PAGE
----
US Defence Secretary Chuck Hagel said Britain has strongly and publicly condemned Syria's alleged gas attacks, adding, "That vote in the Parliament doesn't change that."
Mr Hagel told a news conference this morning, "Every nation has a responsibility to make their own decisions, and we respect that of any nation ... We'll continue to work with Britain and consult with Britain as we are with all our allies."
Mr Hagel stressed that the Obama administration wants "an international collaboration and effort" whatever decision is taken.
The US will keep talking to the UK and other countries on "ways forward together," he added.
US Defence Secretary Chuck Hagel has expressed regret to an Indian-born college professor for jokingly asking, "you're not a member of the Taliban, are you?" seconds before the professor rose to ask a question.
Hagel's spokesman said the joke was not directed at anyone in particular, and the defence secretary called the professor, Robin Gandhi, to tell him as much hours after the event at the University of Nebraska, where Hagel gave a speech and took questions from the audience.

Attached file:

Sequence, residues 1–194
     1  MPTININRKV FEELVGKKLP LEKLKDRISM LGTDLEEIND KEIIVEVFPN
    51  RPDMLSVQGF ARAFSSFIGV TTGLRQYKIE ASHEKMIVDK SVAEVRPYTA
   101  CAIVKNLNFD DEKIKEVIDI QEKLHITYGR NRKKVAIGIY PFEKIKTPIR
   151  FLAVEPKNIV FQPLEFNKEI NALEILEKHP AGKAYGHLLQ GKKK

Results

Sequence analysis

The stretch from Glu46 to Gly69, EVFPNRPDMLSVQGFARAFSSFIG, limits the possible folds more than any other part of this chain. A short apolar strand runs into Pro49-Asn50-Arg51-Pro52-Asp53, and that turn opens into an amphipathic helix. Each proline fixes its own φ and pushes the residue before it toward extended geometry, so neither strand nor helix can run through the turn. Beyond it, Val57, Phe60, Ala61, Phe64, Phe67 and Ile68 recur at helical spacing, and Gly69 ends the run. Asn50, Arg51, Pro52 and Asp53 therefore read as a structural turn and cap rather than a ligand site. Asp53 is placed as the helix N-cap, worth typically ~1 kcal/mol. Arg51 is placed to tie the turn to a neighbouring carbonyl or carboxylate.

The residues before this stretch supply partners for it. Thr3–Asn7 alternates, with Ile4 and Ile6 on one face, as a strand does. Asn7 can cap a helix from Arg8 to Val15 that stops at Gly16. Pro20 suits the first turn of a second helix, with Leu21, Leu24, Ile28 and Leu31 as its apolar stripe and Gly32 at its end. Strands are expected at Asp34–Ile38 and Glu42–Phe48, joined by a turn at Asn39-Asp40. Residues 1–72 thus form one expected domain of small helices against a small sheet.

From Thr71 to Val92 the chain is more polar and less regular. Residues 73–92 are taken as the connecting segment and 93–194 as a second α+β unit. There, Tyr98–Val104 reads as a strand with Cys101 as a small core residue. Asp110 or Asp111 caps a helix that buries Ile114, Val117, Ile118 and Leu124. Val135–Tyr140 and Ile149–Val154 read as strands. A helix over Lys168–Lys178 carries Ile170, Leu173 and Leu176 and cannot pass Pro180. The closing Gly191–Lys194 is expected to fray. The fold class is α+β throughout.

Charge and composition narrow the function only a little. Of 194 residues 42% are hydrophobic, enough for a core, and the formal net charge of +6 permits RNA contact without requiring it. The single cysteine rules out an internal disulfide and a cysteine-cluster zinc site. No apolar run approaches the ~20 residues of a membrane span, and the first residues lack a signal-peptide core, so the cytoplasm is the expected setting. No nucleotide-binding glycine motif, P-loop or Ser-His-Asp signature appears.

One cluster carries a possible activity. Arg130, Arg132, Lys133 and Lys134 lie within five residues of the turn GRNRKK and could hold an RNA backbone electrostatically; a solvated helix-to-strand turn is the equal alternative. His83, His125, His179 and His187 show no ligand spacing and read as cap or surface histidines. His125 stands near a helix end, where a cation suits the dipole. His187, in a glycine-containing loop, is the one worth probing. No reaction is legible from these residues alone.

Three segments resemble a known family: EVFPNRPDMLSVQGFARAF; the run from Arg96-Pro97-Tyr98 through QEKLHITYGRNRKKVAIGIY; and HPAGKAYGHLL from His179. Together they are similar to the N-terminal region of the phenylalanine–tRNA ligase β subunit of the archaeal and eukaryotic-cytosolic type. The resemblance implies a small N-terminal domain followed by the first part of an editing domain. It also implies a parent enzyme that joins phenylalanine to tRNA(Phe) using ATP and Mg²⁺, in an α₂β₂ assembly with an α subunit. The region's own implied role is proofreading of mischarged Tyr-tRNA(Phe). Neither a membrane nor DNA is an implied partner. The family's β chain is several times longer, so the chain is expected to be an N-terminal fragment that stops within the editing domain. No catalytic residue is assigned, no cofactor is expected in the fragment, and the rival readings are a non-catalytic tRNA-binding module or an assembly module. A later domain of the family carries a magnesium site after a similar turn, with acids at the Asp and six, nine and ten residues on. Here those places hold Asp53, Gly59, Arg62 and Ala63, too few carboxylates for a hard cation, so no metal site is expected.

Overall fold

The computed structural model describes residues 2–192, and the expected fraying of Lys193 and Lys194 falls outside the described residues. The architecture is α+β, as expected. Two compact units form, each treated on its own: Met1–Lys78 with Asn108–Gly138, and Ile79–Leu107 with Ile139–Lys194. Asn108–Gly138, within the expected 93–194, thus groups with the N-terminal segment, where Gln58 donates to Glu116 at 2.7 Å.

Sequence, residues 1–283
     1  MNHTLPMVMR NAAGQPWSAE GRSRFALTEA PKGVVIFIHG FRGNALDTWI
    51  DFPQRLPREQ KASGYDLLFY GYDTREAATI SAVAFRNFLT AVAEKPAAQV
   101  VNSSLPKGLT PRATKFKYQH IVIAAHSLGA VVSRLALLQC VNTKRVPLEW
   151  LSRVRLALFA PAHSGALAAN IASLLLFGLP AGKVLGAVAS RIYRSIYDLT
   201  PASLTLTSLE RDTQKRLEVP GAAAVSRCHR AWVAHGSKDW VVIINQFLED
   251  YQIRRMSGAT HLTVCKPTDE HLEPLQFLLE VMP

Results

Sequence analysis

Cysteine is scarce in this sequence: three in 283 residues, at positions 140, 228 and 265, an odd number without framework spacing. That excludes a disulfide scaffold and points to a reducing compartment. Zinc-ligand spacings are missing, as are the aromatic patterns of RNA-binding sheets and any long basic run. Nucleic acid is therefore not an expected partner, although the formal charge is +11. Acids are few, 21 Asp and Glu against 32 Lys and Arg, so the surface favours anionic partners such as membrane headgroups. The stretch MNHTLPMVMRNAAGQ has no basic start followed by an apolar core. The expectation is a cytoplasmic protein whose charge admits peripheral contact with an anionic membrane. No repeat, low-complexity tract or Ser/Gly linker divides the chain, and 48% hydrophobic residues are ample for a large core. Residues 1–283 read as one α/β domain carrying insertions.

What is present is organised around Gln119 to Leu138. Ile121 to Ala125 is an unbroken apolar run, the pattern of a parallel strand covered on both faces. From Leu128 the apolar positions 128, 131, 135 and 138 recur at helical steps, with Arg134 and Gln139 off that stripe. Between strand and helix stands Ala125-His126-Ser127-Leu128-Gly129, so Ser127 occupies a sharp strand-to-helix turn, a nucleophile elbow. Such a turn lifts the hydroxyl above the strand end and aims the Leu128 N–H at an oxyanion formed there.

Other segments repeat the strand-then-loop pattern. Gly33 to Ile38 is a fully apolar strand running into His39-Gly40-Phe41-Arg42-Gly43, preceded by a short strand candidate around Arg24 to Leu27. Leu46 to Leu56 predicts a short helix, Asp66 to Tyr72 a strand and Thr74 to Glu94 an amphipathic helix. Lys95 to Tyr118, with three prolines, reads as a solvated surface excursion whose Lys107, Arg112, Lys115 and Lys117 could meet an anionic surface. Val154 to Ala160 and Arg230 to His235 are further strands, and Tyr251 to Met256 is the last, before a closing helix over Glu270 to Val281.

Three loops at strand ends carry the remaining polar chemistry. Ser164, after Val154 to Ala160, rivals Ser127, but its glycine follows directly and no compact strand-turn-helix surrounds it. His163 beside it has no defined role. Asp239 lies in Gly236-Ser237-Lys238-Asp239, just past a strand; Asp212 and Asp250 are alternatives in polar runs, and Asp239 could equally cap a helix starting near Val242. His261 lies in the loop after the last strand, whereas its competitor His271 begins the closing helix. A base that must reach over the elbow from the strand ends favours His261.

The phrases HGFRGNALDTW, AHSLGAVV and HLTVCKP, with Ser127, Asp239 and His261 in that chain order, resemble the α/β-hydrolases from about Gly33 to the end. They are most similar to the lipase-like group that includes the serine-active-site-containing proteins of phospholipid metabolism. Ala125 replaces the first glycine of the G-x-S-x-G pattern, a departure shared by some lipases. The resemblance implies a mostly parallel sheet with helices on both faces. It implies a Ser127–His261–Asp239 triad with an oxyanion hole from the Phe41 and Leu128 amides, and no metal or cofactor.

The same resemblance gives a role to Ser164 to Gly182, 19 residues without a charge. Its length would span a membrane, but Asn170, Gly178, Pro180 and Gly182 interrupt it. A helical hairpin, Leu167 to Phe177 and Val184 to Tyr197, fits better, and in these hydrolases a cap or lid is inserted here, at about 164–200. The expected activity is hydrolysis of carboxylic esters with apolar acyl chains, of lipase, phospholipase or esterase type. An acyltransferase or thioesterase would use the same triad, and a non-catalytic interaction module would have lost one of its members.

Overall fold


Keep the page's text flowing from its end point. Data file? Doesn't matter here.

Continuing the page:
Hagel "expressed regret for any trouble that this caused the professor," spokesman George Little told reporters.
"They had a very good discussion and (Hagel) wanted to leave no impression that this joke was directed at anyone in particular, including the professor," Little said.
He added that the defence secretary a little earlier in the programme had answered a question about the Taliban, the Afghan insurgent group.
Gandhi said in a statement that he was honoured to hear Hagel's speech and enjoyed the secretary's answer to his question about cyber weapons.
"Before I rose to ask a question, there was apparently some confusion that did not involve me," Gandhi said, suggesting he too did not believe Hagel's joke was addressed at him.
US Defence Secretary Chuck Hagel said plans to bolster the country's missile defences were in response to "irresponsible and reckless provocations" by North Korea, which threatened a preventative nuclear strike against the US last week.
In addition to the 14 new anti-missile interceptors being added at Fort Greely in Alaska, the Pentagon has also left open the possibility of creating a site on the US East Coast where it could field more interceptors capable of striking down an incoming missile.
Hagel told a news conference, "By taking the steps I outlined today we will strengthen our homeland defence, maintain our commitments to our allies and partners, and make clear to the world that the United States stands firm against aggression".
Last week, North Korea issued a threat to stage a pre-emptive nuclear attack against the US as the United Nations readied new sanctions against Pyongyang in response to its nuclear test on February 12.